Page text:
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Kliff Kingsbury: A good move

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Tommy Tuberville was never going to be the answer in Lubbock. Texas A&M's offensive coordinator might be. That's good enough for now.

Mike Stobe

Last week was a whirlwind for Red Raider fans. First, Tommy Tuberville bolted Lubbock for beautiful Cincinnati to take over a program without a conference. Then they hired Butt-Spanking Kliff Kingsbury. Either move, taken alone, would have been excellent; together they were potentially program saving.

For the second time in a row, the program found itself scrambling for a new direction after an unexpected departure. Last time it was Mike Leach that left, forced out by aspiring politician and then ESPN commentator Craig James. Back then, Tech decided Tommy Tuberville was the ideal replacement for one of the most beloved coaches in college football.

Tuberville's hire felt flat from the beginning for a lot of reasons. First, he was not a pirate. He was a defensive coach coming to the southern home of the spread. He'd spent a season off the sidelines after Auburn showed him the door. He seemed to be an odd fit in Lubbock, and as an older coach jumping to a lower conference, it appeared to be a man looking for a safe place to fade away. As it turned out, he was a dry hire that would be gone three unremarkable seasons later during a recruiting dinner. This time, the fit feels a lot better, for a lot of reasons.

The first two things bound to come up when people talk about the Kingsbury hire are his age and his time as quarterback at Tech -- and that's a good thing. At all of 33 years old, Kingsbury is all energy and excitement. And if you look around football, at every level, young passionate coaches are the successful ones. They can reach and motivate their players. They know what buttons to push. Furthermore, his history gives him instant credibility with his players for having been there.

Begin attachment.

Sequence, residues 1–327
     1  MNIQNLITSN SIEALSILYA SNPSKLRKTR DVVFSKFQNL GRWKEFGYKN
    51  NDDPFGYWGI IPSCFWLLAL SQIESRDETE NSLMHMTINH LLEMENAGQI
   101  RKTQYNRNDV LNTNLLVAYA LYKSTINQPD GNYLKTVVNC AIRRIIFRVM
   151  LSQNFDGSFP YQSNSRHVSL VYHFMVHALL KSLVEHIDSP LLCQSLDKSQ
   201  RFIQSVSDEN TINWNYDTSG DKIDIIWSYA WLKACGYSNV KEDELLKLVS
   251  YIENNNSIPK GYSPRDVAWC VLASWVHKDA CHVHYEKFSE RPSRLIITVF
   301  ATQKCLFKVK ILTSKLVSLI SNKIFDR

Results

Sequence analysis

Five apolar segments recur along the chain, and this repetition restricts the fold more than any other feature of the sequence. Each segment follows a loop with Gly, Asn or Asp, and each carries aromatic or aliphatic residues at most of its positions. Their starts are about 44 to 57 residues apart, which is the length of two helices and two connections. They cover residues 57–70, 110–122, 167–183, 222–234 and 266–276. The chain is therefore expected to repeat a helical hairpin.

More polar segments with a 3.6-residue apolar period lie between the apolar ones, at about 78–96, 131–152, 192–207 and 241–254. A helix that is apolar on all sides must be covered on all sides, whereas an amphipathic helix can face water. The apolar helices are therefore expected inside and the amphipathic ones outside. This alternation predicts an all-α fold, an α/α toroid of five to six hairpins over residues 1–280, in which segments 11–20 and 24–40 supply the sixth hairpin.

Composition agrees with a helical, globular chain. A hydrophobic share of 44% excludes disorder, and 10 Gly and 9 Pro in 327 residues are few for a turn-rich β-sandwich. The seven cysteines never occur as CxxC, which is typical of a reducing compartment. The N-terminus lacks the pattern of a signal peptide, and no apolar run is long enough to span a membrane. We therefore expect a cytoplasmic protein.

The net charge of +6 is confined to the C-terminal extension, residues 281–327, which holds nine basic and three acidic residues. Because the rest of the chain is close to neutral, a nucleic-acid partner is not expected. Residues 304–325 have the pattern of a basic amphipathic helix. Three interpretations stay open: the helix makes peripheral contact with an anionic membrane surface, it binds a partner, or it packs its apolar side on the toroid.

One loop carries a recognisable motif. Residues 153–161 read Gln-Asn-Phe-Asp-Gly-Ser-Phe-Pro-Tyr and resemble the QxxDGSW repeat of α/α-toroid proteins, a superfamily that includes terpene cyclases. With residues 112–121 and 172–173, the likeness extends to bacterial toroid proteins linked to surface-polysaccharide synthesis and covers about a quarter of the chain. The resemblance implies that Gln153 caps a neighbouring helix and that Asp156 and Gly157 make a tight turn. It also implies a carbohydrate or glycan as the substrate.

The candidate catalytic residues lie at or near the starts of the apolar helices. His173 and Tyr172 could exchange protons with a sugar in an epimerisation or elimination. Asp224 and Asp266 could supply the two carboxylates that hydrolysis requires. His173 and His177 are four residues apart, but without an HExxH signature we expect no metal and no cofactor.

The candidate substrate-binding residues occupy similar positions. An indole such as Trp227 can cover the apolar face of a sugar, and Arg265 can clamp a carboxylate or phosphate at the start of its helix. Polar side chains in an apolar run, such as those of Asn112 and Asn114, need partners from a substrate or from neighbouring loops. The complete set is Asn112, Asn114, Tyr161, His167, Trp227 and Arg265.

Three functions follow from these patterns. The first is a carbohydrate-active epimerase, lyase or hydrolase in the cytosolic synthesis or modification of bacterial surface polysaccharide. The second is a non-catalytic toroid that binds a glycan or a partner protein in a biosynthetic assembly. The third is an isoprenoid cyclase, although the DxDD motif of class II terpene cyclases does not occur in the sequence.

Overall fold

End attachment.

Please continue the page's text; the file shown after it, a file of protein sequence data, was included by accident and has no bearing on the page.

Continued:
But Kingsbury is not a "potentially" good coach -- he was the brains behind the offense that took the SEC by storm this year, as well as the explosive Houston Cougars' before that. His offensive style is an exciting one, even more so than the statuesque quarterback centered Air Raid offense that put Tech back on the map under Mike Leach. That having been said, you have to wonder if he has the guy he needs to run the offense on the roster right now.

Along those lines, the only real unknown about Kingsbury (other than the ability to run a program generally) is his ability to recruit. It's hard to imagine he wouldn't be better in touch with the 18 year old football mind than Tommy Tuberville, but you have to wonder how much experience he has doing it. He might not have the kind of players he wants for his system on the roster, and he needs to have a quick learning curve.

Kingsbury seems like a bright guy, and he's clearly a fine offensive mind. And while his age makes you wonder if he's ready to take over a program, he seems to have a personality players will gravitate to -- both in the locker room and on the recruiting trail. All in all, mark that one more exciting coach in the Big 12, and one more challenge for Texas to overcome in its attempt to regain its place atop the conference.

Photographs by jamesbrandon, jdtornow, phlezk, flygraphix, mcdlttx, tomasland, and literalbarrage used in background montage under Creative Commons. Thank you.